“Shame on you.” That’s an expression you don’t hear very often these days. When it came out of the mouth of the lecturer who was teaching us “Human Development,” I was taken aback. She was referring to a discussion that had taken place on the online discussion board for the previous unit of the psychology course I’m doing at the moment.
There had been a very lively exchange about an assessment task, our first lab report. Quite a few people had expressed feeling anxious or overwhelmed (we’re doing a highly intensive course) and asked for help or advice in different ways, which the previous lecturer had provided in generous abundance. Some interesting points had come up, and overall, I’d thought it created a supportive sense of connection and camaraderie in the group, as well as providing a space for at least one person to let the lecturer know that she was really struggling – possibly not just with the assessment task, but with bigger problems as well.
I have to admit, I didn’t read the whole discussion – I got too involved in writing the lab report after a while – but I didn’t see anything wrong with it. So when the new lecturer said, “If you were involved in that discussion, then shame on you,” I was taken by surprise. Given that I had taken part in it, I also felt like I’d been slapped. Where did that come from?
Was she saying that we should feel ashamed of expressing anxiety or asking for help? This was coming from a woman who as well as lecturing, runs a clinical practice, working with teenagers. Surely she wouldn’t endorse the idea that shaming people into silence is a good way of dealing with problems. But it certainly seemed to be an effective way of shutting down activity on the discussion board. Hardly anyone posted about her assessment task.
She had already told us that in her earlier career as a maths teacher she had been very strict: the children in her class worked in complete silence, something that her colleagues had found astonishing. Why did she want her students to be so quiet? In our case, there seemed to be a fairly obvious answer: as well as lecturing and running her practice, she had a huge administrative load. She was sometimes sending more than 500 emails a day. No wonder she didn’t want to have to respond to more messages on the discussion board.
So why didn’t she just explain this, and ask for our understanding and restraint in using the discussion board during her section of the course? Would she have felt ashamed to admit that she was feeling overloaded, and could do with some help from us, or from her colleagues? Was it her own sense of shame that she was trying to shift when she told us, “shame on you”?
Brown defines shame as the fear of disconnection. “Is there something about me that if other people know it or see it, I won’t be worthy of connection?” It’s a universal human experience. What underpins it is excruciating feelings of vulnerability. Brown’s initial reaction to this discovery was to see it as a chance to deconstruct shame and conquer vulnerability with reason. As she commented wryly in her talk, you know this wasn’t going to end well. In the boxing match of researcher Brené Brown versus vulnerability, vulnerability won.
But of course, that was a good thing for the researcher who became a researcher-storyteller. In the course of her work, Brown discovered that the people who have a strong sense of connection, love and belonging are the ones who fully embrace vulnerability. They don’t talk about vulnerability as being excruciating, or comfortable; they just see it as necessary. From them, Brown learnt that in order to connect with others, we have to be willing to let go of who we think we should be and be who we are. People who do this are able to connect with others on the basis of authenticity, and live in a wholehearted way.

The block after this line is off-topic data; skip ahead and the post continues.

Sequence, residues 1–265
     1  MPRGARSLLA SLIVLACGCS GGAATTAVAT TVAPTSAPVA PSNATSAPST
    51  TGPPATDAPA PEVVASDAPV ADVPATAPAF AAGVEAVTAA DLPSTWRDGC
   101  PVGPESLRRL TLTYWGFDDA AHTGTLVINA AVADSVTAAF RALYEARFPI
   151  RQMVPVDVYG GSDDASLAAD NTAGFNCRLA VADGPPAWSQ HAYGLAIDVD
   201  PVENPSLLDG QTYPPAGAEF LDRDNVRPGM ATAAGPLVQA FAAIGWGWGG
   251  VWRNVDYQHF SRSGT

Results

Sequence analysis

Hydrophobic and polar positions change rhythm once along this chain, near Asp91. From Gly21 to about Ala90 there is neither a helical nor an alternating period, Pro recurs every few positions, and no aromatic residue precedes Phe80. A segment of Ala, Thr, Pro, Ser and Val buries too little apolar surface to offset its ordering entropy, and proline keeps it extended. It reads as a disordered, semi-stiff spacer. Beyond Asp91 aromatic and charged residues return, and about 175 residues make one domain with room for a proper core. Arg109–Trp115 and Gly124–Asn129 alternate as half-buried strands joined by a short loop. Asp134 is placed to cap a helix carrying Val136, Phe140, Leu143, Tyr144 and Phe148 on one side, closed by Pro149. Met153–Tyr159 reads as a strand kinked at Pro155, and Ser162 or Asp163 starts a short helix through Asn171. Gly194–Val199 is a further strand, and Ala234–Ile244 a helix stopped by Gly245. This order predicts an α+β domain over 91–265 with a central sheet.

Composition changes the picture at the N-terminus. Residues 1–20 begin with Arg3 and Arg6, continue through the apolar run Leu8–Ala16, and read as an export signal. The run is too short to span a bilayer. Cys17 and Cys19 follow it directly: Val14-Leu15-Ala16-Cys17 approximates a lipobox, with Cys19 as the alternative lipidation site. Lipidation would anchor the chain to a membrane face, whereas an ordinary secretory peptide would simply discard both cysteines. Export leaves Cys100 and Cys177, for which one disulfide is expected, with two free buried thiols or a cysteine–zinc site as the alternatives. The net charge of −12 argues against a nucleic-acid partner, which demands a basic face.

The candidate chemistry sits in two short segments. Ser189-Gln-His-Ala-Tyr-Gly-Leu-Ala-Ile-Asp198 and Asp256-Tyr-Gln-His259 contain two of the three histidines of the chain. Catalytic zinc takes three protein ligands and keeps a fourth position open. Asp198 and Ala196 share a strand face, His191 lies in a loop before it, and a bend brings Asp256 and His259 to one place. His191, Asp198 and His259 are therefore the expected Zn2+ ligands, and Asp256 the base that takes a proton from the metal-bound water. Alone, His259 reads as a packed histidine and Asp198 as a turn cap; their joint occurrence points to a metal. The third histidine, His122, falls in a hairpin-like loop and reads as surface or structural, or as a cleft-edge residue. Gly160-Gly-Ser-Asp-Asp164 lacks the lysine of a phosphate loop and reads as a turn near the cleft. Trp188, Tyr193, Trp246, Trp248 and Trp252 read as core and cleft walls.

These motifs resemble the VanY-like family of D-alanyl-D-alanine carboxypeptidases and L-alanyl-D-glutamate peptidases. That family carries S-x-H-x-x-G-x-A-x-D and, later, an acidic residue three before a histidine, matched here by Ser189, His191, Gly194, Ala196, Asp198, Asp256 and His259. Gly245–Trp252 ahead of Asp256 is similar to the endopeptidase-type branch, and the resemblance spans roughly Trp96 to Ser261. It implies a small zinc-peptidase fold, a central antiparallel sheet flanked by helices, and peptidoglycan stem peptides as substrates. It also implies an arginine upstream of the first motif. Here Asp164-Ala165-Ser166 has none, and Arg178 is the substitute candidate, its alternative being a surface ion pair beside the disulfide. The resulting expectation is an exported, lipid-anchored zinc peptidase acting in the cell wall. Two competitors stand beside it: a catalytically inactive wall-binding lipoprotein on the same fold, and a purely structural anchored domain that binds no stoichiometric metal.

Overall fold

The final message of Brown’s scholarly story is very simple. You are enough: believe this, and experiences of vulnerability become the basis for connection instead of disconnection, love rather than shame.
How does this apply to the situation with my lecturer? I can see that her words bothered me because of my own susceptibility to shame. They touched on lurking fears that in some sense, possibly many senses, I might not be “enough.” So how do you overcome those fears if you have them, if at some deep, dark level, you don't believe that you’re enough?
Brown says this calls for courage and compassion. You need courage to let yourself feel vulnerable instead of fleeing this experience by “numbing out” (one cost of that strategy is that in avoiding psychological pain, you simultaneously reduce your capacity for more positive feelings). And you need compassion to make the experience of vulnerability bearable and productive, rather than simply excruciating – to let it be something that softens and strengthens you, rather than making you harder and weaker. Brown suggests that to cultivate compassion, you have to begin with yourself. Be kind and accepting towards yourself first, and then you’ll be able to show compassion to others.
But does it necessarily have to go in that order? It seems to me that you might come to feel that you are enough by first making an effort to see that others are.
If I broaden my view out from the three words I quoted at the beginning of this blogpost to consider some of the thousands of others my lecturer spoke over the four days I was learning from her, do I see a person who was constantly trying to shame her students into silence? No, definitely not. Was she “enough”? This might seem like a rather vague question, but the answer is clear to me: yes, she was. From this wider perspective, her words about shame don’t seem nearly so loaded or powerful. In fact, they look more like an ephemeral gift, one that I was attentive and sensitive enough to catch as it flew past me, the small seed that would grow into this reflection.